We’re happy to announce that we’ve added a new tool built on top of Cascading, called MultiCombiner, to our open source project cascading_ext. MultiCombiner allows one to run arbitrarily many aggregation operations, each with their own distinct grouping fields, over a single stream of tuples using only a single reduce step. MultiCombiner uses combiners internally to ensure that these aggregation operations are done efficiently and without unnecessary I/O operations.
Combiners are a useful tool for optimizing Hadoop jobs by reducing the number of records which need to be shuffled, decreasing sorting time, disk I/O, and network traffic on your cluster. Combiners work by partially reducing on records during the map phase which have the same key, and emitting the partial result rather than the original records, in essence doing some of the work of the reducer ahead of time. Combiners decrease the number of records generated by each map task, reducing the amount of data that needs to be shuffled and often providing a significant decrease in time spent on I/O. Because each combiner only has access to a subset of the records for each key in a random order, combiners are only useful for operations which are both commutative and associative, such as summing or counting. For a quick combiner tutorial check out this combiner tutorial.
Combiners are supported by Cascading through AggregateBy and the Functor and Aggregator interfaces, which implement the combiner and reducer logic respectively. Cascading’s combiner implementation provides a few advantages over Hadoop’s native handling, including methods for composing aggregation operations that use the same grouping fields and implementation that allows for combination at the end of reduce step as well as the end of a map.
What Cascading’s and Hadoop’s implementations both lack is a way to run many combiner-backed aggregation operations over a single stream using different grouping fields in an efficient way. In both Hadoop and Cascading, such a computation would require a full read and shuffle of the data set for each of the different grouping fields. This can make it prohibitively expensive to add new stats or aggregates to a workflow. We wanted the flexibility to add new stats over our datasets without significantly increasing computation time, and so we built MultiCombiner.
An Example Usage
Suppose that it is your job to compute stats for a large retailer. The retailer stores records of purchase events in an HDFS file with the following format:
user_id , item_id, item_amount, timestamp
You are required to compute
1) The total number of items purchased by each user
2) The total number of items of each kind sold
Using the features built into Cascading, we might build the flow this way:
Pipe countByUser = new SumBy( purchaseEvents , new Fields(“user_id”), new Fields(“item_amount”), new Fields(“total_items_by_user”));
Pipe purchaseEvents = new Pipe("purchase_events");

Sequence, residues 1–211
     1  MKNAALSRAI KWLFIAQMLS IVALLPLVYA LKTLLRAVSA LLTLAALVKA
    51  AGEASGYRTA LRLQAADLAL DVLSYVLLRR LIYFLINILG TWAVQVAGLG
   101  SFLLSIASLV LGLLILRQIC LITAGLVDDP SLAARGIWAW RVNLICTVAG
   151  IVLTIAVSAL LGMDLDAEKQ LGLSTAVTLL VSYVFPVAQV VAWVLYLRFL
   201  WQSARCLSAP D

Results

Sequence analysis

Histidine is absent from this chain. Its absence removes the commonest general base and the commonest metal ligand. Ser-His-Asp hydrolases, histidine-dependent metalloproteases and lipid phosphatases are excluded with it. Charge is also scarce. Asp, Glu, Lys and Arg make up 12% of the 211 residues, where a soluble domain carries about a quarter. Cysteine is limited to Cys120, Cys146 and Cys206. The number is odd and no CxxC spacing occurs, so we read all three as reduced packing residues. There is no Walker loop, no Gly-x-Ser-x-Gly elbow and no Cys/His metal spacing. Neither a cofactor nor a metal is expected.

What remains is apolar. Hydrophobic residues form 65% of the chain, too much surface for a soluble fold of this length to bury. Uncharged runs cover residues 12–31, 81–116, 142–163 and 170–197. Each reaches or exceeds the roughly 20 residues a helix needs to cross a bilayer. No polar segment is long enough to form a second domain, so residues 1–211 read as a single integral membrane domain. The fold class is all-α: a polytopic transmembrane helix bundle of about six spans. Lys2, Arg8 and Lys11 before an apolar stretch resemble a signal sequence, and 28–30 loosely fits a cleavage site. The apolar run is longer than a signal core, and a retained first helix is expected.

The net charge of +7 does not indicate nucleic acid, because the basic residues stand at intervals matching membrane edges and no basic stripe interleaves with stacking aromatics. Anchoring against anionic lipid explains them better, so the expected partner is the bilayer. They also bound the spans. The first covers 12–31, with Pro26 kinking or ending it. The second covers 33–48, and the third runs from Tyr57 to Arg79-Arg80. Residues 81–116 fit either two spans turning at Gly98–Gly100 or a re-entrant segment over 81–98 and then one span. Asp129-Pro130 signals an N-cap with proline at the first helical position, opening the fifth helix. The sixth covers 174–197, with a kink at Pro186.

Pipe countByItem = new SumBy( purchaseEvents , new Fields(“item_id”), new Fields(“item_amount”), new Fields(“total_items_by_item”));
Because each SumBy contains a GroupBy, this assembly will spawn 2 entirely separate Hadoop jobs, each running over the same data set. While the combiners used will mitigate the damage somewhat, your task is still reading, shuffling, and writing the same data twice. Using MultiCombiner, we can combine these two aggregation operations into a single Hadoop job, significantly reducing the total amount of I/O we have to do.
CombinerDefinition countByUserDef = new CombinerDefinitionBuilder()
Pipe purchaseEvents = new Pipe("purchase_events");
CombinerDefinition countByItemDef = new CombinerDefinitionBuilder()
MultiCombiner combiner = MultiCombiner.assembly(purchaseEvents, countByItemDef, countByUserDef);
Pipe countsByUser = combiner.getTailsByName().get(countByUserDef.getName())
The tails of the MultiCombiner assembly will give access to the results for each definition separately. The tail pipes have the same name as the definitions, so you can use the definition names as keys to the map provided by the getTailsByName method. Alternatively, there’s MultiCombiner.singleTailedAssembly which will emit the results in a single stream.
Things to Watch Out For
The ability to run arbitrary aggregators over a single stream is pretty useful, but there’s no magic going on in the background. Each aggregator used in a MultiCombiner emits roughly the same number of tuples as if it were being used on its own. Because the sorting involved in the shuffle is an n*log(n) operation, shuffling the output of many aggregators all at once is less efficient than shuffling their outputs separately. This is usually not an issue because of the time saved reading the data set only once, but may matter if the number of tuples being shuffled is much larger than the data being read from disk. Additionally, each aggregator must keep its own map in memory for its combiner. Because of the additional memory pressure, combining for many aggregators can potentially be less efficient.
The time we’ve saved from using this tool in our own flows has been enormous. We originally used MultiCombiner to compute 4 different aggregates over a 6.5 terabyte dataset. We’ve since increased the number of aggregates to 8, and have seen an approximately 10% increase in the amount of time the job takes. Compare this to the 100% increase we would have expected from doubling the number of aggregates, and its easy to see how MultiCombiner can improve the performance of complex data aggregation workflows.